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The Shame of the Media

November 29th, 2006 · 1 Comment

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A little shame can be a good thing. There are some actions worthy of embarrassment, guilt, or disgrace, and having some shame helps to ensure that those actions don’t get repeated.

Rupert Murdoch’s News Corp., the owner of the Fox network, Fox News Channel, and HarperCollins Books, is regularly subject to shame, but seems not to learn its lessons. Back in 2000, the Fox network gave America “Who Wants to Marry a Multi-Millionaire?”, a crass ratings sweeps stunt that married two total strangers, who promptly got an annulment. (Salon.com described the “look of abject terror and remorse on the bride’s face” when she finally beheld the moneybags who selected her from 50 contestants to marry.)

Afterward, then-Fox TV chairman Sandy Grushow told the San Diego Union-Tribune “I don’t think this is the kind of publicity this network either wants to or needs to generate. This is not the kind of business we want to be in; this is not the kind of image we want to perpetuate.”

Six years later, Grushow doesn’t work for Fox, but Murdoch’s conglomerate has once again gone shameless with a book and Fox broadcast special called If I Did It. Developed by Judith Regan, the former National Enquirer writer who has her own ReganBooks imprint at HarperCollins, If I Did It delivers the acidic reflux of the O.J. Simpson case.

You remember O.J. Simpson. In 1995, he was acquitted of murdering his wife Nicole Brown Simpson and her friend Ronald Goldman a year earlier, but was later held responsible in a civil case. Simpson still owes the victims’ families $33.5 million from the wrongful death judgment against him. But, he lives in Florida in a house protected from the courts, on a substantial pension from the National Football League.

Simpson has apparently taken time from his vow to find the real killer in order to write (with the aid of a ghostwriter) If I Did It, which discusses how he would have murdered the pair–that is, if he did it. This, of course, is a strange topic about which to write for a man who swears he didn’t do it. Simpson said he just wrote about it for “blood money,” so he can earn a reported $3.5 million in advance for his children.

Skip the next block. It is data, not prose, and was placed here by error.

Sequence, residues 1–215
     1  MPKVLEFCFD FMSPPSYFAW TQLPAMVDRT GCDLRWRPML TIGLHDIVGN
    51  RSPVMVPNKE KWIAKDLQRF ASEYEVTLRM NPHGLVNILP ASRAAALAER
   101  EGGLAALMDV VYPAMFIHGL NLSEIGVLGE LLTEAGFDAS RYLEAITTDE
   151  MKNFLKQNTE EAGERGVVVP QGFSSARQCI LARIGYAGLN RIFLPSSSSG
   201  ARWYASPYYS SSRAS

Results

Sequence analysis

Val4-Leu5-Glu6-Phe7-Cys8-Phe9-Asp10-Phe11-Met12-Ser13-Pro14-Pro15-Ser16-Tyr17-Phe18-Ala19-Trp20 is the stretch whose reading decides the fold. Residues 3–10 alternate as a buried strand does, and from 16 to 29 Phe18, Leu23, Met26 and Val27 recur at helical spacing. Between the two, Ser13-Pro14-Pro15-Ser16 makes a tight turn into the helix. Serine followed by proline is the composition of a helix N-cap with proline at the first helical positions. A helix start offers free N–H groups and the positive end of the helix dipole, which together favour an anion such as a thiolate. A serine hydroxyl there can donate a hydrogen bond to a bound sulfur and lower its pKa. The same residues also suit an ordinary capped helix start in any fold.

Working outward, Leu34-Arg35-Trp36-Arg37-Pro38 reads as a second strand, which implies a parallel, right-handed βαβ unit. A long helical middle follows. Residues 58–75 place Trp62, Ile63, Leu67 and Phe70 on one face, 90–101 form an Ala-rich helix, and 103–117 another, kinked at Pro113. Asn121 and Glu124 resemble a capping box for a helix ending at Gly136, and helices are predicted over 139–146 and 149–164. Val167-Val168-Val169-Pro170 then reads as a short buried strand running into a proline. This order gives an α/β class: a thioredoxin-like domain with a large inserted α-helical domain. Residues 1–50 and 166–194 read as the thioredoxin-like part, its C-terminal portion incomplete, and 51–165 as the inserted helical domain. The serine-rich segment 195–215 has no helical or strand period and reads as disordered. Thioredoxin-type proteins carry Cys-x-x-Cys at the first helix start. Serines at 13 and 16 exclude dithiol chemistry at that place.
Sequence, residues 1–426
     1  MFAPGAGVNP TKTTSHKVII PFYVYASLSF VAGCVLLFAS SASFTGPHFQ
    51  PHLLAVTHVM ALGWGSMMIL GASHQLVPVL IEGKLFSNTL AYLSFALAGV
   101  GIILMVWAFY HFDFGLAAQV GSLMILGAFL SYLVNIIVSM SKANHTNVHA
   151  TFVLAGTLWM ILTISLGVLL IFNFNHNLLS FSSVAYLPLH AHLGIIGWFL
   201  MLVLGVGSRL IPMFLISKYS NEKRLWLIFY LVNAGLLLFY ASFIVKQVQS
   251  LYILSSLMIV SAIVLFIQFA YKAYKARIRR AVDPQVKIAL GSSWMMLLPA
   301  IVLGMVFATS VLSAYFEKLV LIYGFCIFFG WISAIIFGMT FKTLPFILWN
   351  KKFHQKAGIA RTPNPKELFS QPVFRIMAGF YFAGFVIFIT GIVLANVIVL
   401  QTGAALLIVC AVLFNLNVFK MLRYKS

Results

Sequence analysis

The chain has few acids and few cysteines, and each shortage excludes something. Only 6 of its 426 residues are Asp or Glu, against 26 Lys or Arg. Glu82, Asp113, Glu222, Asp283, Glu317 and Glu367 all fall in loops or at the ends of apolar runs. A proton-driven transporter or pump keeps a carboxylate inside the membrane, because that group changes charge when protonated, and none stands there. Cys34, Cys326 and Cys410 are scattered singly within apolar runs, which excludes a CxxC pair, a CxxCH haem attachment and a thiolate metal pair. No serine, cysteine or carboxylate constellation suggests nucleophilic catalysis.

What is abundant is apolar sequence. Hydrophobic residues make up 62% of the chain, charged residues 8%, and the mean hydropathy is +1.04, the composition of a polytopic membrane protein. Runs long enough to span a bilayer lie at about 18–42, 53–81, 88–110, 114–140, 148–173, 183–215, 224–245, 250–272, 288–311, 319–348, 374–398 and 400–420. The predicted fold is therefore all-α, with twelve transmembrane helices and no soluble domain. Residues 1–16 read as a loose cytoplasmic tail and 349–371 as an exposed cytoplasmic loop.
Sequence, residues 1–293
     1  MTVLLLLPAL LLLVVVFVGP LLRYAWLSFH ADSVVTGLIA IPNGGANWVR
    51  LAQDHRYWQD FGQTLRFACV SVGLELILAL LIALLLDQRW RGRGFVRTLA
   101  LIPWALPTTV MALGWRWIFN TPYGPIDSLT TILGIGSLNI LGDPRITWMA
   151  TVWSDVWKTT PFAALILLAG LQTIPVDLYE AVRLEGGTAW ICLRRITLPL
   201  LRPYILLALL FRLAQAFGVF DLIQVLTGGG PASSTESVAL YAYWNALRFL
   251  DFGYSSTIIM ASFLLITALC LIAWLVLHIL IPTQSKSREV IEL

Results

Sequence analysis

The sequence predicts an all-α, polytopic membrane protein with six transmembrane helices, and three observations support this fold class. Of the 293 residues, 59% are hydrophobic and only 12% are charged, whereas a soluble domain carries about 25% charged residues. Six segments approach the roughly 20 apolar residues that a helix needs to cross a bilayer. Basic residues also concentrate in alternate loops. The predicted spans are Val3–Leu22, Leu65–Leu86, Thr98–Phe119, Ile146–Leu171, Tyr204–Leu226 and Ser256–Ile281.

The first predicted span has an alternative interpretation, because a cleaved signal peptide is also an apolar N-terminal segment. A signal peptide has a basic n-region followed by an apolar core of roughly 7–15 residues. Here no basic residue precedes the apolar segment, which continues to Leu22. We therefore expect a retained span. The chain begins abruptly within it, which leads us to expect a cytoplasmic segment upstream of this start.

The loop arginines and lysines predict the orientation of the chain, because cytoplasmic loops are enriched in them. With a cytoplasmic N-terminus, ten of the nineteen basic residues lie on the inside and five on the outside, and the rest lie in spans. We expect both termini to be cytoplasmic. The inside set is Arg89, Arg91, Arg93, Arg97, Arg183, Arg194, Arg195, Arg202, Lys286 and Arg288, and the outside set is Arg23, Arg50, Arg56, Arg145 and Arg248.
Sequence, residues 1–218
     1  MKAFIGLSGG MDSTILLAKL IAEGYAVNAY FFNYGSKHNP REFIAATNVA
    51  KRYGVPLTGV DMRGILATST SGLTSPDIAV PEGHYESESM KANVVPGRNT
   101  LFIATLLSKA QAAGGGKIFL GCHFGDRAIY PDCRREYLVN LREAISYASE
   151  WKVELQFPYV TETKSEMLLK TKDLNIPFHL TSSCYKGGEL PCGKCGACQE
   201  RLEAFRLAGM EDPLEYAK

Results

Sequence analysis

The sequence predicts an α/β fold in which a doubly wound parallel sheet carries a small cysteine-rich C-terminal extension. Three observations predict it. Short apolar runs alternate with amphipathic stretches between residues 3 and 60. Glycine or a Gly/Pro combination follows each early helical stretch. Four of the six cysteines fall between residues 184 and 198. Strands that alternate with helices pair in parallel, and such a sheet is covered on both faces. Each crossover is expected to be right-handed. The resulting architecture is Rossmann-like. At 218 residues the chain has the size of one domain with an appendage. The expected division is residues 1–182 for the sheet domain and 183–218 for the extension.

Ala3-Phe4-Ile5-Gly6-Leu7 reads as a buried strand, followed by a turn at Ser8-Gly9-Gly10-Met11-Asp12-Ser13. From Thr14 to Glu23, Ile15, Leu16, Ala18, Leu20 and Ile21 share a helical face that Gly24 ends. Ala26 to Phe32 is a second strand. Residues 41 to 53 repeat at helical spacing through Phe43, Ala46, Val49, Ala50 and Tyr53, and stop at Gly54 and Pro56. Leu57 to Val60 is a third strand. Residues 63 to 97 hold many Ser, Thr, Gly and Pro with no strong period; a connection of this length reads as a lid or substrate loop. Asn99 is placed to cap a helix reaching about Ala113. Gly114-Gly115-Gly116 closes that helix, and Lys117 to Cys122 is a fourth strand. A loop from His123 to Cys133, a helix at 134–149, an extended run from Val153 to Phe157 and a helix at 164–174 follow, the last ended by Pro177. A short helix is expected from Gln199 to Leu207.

Fox seemed to be going for some blood money, too. Estimates of hundred of thousands of copies were printed. But this isn’t the kind of book that has long legs–it needed major hype for a quick sale before word of mouth undermined it. This is where media conglomerates like News Corp. try to exercise the “synergy” of their many divisions. In this case, Fox TV, which has had dismal ratings in the fall season, would hype the book with a two-part primetime television interview between Regan and Simpson. The interviews were scheduled to air November 27 and 29, right at the end of the important November ratings period.

The News Corp. denied the existence of the Simpson project a few months ago when the National Enquirer reported it. But during the past month, Judith Regan began publicizing the book ad interview as O.J.’s “confession.” But credit those booksellers and Fox TV affiliates who saw through the stunt, and refused to have the blood money to pass through their hands.

Publisher’s Weekly noted that independent booksellers called the project “soulless,” and said they wouldn’t stock the book, or if they did, they wouldn’t promote it. At least a dozen Fox stations declined to air the special, too.

Seeing that the entire project lacked any moorings of decency, Regan developed a back story, telling the press that she was abused by a boyfriend years ago, which drove her to extract a confession from O.J. One must wonder — did this lead her to give O.J. a multimillion dollar advance, too?

But like O.J. said, it’s not a confession, it’s just blood money.

At the News Corp., every project is always about just the money. On November 20, Rupert Murdoch, recognizing that this project was going to be more trouble than it was worth, pulled the plug. His terse announcement said “I and senior management agree with the American public that this was an ill-considered project. We are sorry for any pain this has caused the families of Ron Goldman and Nicole Brown-Simpson.”

The rest of us can only hope the shame sticks with the News Corp. longer this time.

Photo: Flickr.com, http://www.flickr.com/photos/sangsara/303954979/

Tags: Books · Cable Television · Media Economics

1 response so far ↓

  • 1 Christopher Martin // Dec 17, 2006 at 6:13 am

    Judith Regan is out! The bad press is more than HarperCollins the the News Corp. want at this point.

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